Dale and Krueger then compared graduates who had been accepted and rejected by the same (or similar) colleges. The theory was that admissions officers were ranking personal qualities, from maturity to ambition. Students who fared similarly would possess similar strengths; then, Dale and Krueger compared the earnings of these students--regardless of where they went. There was no difference. Suppose that Princeton and Podunk accept you and me; but you go to Princeton and I go to Podunk. On average, we will still make the same. (The result held for blacks and whites, further weakening the case for race-based admission preferences. The only exception was poorer students, regardless of race; they gained slightly from an elite school.)

The explanation is probably simple. At most colleges, students can get a good education if they try. "An able student who attends a lower tier school can find able students to study with," write Dale and Krueger. Similarly, even elite schools have dimwits and deadbeats. Once you're in the job market, where you went to college may matter for a few years, early in your career. Companies don't know much about young employment candidates. A shiny credential (an Ivy League degree) may impress. But after that, what people can or can't do counts for more. Skills grow. Reputations emerge. Companies prefer the competent from Podunk to the incompetent from Princeton.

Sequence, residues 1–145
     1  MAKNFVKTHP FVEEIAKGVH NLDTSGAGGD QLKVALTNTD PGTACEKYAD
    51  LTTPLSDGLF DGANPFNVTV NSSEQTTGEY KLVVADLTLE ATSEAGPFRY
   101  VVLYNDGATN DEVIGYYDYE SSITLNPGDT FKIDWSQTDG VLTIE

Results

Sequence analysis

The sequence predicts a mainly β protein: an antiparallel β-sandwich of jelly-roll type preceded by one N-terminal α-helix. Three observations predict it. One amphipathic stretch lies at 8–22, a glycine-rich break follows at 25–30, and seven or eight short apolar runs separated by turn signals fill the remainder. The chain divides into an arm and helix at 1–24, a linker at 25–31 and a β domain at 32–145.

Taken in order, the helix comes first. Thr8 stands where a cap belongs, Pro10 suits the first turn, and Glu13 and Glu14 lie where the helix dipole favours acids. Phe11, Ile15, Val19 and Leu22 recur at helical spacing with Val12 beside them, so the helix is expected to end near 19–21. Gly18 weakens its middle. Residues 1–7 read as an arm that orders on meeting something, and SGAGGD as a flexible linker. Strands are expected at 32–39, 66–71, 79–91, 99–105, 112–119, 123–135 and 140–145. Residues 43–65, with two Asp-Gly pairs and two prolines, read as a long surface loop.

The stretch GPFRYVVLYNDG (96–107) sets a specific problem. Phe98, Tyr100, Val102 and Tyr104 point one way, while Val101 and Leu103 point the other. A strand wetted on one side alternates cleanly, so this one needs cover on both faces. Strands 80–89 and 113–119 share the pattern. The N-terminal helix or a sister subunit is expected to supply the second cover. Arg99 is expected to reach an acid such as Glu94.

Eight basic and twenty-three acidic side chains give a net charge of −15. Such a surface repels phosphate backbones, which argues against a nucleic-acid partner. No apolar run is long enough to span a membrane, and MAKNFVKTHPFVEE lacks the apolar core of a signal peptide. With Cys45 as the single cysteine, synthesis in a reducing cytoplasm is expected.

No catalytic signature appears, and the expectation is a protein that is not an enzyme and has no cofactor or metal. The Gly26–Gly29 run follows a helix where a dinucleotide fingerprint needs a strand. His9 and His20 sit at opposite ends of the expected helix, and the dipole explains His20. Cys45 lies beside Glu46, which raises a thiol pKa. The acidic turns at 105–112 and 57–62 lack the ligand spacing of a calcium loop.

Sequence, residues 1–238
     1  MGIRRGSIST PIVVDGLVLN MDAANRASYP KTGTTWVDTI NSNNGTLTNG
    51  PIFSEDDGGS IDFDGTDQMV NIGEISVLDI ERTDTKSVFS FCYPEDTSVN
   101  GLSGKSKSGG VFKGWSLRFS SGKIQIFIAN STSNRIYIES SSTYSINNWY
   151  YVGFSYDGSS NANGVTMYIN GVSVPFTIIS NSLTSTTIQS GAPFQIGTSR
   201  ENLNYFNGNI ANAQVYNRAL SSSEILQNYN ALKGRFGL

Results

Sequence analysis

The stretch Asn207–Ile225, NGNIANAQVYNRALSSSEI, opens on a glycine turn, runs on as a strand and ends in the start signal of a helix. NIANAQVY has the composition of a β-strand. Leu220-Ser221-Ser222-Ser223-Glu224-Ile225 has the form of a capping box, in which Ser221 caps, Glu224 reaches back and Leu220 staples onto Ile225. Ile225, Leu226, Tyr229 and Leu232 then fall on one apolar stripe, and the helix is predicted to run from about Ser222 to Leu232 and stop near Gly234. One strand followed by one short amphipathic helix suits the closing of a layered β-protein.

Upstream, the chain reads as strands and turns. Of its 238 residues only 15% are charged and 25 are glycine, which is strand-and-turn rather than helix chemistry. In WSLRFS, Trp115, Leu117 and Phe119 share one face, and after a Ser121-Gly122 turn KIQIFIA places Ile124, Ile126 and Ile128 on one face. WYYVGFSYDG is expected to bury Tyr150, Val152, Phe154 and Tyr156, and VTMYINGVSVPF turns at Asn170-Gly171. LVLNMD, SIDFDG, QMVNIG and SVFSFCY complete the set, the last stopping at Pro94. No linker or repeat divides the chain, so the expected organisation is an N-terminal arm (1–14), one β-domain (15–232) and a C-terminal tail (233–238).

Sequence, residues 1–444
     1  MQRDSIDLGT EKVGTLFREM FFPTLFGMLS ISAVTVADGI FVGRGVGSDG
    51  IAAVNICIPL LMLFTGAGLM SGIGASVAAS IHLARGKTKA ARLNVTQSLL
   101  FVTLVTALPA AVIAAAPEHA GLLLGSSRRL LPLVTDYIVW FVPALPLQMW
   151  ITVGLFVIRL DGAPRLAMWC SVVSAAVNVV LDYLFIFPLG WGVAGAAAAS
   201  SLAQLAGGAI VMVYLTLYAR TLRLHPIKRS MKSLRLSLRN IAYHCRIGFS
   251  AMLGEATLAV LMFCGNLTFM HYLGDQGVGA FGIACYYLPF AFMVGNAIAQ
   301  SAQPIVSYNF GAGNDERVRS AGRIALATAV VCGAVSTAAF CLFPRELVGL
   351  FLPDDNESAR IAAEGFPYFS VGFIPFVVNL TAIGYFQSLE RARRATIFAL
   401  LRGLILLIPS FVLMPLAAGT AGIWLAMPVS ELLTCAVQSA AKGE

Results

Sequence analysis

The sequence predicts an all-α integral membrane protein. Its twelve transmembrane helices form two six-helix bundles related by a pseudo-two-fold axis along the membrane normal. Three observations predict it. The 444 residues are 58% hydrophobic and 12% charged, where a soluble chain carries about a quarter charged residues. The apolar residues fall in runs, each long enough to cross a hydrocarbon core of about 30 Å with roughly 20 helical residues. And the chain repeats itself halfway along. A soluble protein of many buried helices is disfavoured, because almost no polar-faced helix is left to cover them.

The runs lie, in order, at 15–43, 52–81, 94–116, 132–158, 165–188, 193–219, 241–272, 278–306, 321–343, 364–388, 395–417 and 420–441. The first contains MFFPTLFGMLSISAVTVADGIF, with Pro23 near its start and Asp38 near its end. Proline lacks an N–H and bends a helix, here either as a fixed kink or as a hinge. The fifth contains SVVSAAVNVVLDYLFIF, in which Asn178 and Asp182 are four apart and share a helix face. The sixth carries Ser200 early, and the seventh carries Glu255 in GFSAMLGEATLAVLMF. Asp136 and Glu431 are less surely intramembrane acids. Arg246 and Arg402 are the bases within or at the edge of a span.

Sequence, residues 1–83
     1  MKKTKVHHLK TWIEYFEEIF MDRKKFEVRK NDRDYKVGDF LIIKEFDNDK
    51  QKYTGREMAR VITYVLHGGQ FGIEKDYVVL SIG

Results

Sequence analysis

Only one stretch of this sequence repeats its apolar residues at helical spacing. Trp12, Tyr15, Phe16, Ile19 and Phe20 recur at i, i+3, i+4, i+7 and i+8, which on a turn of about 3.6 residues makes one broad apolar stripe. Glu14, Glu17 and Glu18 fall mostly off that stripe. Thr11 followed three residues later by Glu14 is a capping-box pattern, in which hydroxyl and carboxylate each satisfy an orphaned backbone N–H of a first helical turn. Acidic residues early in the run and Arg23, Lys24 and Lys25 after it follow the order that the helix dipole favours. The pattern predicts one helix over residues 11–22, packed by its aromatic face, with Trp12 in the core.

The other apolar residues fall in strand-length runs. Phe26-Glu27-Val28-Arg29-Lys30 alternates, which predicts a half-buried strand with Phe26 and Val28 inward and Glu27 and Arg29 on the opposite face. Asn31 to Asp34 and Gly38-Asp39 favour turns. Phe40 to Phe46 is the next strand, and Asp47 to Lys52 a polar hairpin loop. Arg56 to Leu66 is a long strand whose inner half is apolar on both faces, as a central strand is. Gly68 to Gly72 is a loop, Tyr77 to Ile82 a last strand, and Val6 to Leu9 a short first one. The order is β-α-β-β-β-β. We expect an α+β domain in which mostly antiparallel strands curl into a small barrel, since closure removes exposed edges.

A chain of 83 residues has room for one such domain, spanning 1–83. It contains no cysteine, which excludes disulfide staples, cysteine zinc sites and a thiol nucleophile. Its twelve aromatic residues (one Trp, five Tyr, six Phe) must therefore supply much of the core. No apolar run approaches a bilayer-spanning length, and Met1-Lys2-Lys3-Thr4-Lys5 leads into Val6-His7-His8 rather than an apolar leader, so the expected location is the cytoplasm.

If you can't (or won't) take advantage of what Princeton offers, Princeton does no good. What students bring to college matters more than what colleges bring to students. The lesson has relevance beyond elite schools. As a society, we've peddled college as a cure for many ills. Society needs more skilled workers. So, send more students to college. College graduates earn much more than high-school graduates. So--to raise incomes--send more students to college. In that, we've succeeded. Perhaps three quarters of high-school graduates go to college, including community colleges.

But half or more don't finish. A new study from the Department of Education ("College for All?") reports that these students achieve only modest gains in skills and income. What determines who finishes? In another report, Clifford Adelman--a senior researcher at the Department of Education--finds that the most powerful factor is the difficulty of high-school courses. And the finding is strongest for black and Hispanic students. Not having enough money (inadequate financial aid) explains few dropouts. Tough courses do more than transmit genuine skills. They provide the experience--and instill the confidence--of completing something difficult.

How to motivate students to do their best? How to make high schools demanding while still engaging? How to transmit important values (discipline, resourcefulness, responsibility) to teenagers, caught in life's most muddled moment? These are hard questions for parents and society as a whole. If the answers were self-evident, we'd have already seized them. But going to college--even Harvard--is no shortcut.